What Bear Market? Canada’s Largest Blockchain Conference Beamed With Bullish Energy
Bears be damned — The bulls are gearing up as the crypto world descended with thousands of participants in Toronto this week for ETHToronto and Blockchain Futurist Conference.
Billed as Canada’s largest blockchain conference, the three-day event was held at two of Toronto’s most prominent night clubs - Rebel and Cabana - which are known to be frequented by many A-list celebrities.
The conference had a hackathon, panels, several fun activities, afterparties and a keynote by Ethereum co-founder Vitalik Buterin, where he poked fun at monkey JPEGs. To top it all off, Cosmos (ATOM) co-founder Ethan Buchman rapped about interoperability and use cases for the ecosystem.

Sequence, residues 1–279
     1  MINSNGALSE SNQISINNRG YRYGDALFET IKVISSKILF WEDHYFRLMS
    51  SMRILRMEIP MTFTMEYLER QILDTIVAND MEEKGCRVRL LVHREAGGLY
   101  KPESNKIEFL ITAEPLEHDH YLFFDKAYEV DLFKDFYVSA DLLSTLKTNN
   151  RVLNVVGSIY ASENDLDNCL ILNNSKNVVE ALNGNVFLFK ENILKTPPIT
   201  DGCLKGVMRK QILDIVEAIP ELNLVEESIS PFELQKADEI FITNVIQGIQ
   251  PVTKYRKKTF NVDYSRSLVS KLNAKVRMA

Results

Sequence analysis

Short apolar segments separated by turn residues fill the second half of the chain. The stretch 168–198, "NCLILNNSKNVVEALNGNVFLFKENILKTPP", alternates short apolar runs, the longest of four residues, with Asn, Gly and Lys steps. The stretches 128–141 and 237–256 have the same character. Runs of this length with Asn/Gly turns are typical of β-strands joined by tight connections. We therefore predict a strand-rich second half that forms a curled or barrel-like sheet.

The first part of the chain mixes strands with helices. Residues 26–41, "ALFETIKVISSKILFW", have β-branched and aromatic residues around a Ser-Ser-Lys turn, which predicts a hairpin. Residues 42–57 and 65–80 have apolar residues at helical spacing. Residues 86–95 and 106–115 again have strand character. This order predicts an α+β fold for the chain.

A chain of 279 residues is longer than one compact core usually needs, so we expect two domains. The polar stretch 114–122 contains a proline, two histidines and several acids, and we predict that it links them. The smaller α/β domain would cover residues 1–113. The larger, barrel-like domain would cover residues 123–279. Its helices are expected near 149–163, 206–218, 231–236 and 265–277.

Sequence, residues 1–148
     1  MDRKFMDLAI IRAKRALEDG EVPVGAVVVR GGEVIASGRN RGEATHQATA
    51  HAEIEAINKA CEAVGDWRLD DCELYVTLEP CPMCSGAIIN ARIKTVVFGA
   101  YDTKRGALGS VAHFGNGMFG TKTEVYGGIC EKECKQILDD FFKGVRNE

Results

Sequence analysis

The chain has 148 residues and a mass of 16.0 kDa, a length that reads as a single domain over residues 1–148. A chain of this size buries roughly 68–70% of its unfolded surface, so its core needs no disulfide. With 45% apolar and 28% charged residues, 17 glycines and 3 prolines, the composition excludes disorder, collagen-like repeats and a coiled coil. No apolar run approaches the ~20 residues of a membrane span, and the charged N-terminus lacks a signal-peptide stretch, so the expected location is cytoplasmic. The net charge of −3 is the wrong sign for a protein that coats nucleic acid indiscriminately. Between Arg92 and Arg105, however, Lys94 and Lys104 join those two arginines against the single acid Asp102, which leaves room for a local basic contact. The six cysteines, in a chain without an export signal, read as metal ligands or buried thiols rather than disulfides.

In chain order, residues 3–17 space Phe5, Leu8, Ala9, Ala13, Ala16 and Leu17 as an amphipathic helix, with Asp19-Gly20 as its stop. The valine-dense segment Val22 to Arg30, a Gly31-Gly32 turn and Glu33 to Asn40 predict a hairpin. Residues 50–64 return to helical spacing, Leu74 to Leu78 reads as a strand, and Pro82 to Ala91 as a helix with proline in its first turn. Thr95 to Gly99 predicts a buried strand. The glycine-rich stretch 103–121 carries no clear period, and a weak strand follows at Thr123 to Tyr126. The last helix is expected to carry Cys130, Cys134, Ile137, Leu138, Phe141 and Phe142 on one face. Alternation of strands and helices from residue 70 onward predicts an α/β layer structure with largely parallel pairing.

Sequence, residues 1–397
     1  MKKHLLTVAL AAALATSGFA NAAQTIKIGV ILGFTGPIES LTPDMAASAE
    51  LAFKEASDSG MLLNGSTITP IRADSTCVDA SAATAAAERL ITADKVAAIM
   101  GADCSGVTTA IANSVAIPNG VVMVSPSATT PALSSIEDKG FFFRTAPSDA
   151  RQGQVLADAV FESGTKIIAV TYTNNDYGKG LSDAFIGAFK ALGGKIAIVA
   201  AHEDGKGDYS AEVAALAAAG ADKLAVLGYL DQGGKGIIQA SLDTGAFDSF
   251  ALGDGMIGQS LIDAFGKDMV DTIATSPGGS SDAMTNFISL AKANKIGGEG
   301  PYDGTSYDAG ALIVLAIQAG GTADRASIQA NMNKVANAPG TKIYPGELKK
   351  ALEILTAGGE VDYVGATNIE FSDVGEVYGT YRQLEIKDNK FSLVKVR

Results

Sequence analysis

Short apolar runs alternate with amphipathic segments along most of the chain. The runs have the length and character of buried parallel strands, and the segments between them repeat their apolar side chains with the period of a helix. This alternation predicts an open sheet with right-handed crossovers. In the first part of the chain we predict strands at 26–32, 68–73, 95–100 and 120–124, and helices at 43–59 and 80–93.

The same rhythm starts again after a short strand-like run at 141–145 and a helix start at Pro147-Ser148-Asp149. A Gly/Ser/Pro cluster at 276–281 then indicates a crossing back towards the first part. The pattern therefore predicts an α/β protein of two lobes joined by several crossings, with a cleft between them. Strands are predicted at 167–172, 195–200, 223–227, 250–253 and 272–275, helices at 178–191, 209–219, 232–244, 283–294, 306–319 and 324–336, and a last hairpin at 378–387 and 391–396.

Read more: ‘Hey, Look, It’s a Monkey!’ Ethereum’s Vitalik Buterin Pokes Fun at Ape NFTs, Expresses Optimism About the Merge
Maybe it was the party atmosphere of the clubs or maybe it was the beautiful summer days of Toronto but judging by the mood of the participants, it seemed like the audience felt that the crypto rout has bottomed out and it's all uphill from here.
Of course it also helped that Ethereum network's native token ether (ETH) hit the highest price since June during the conference, ahead of the network overhaul known as the Merge, which looks likely to happen next month.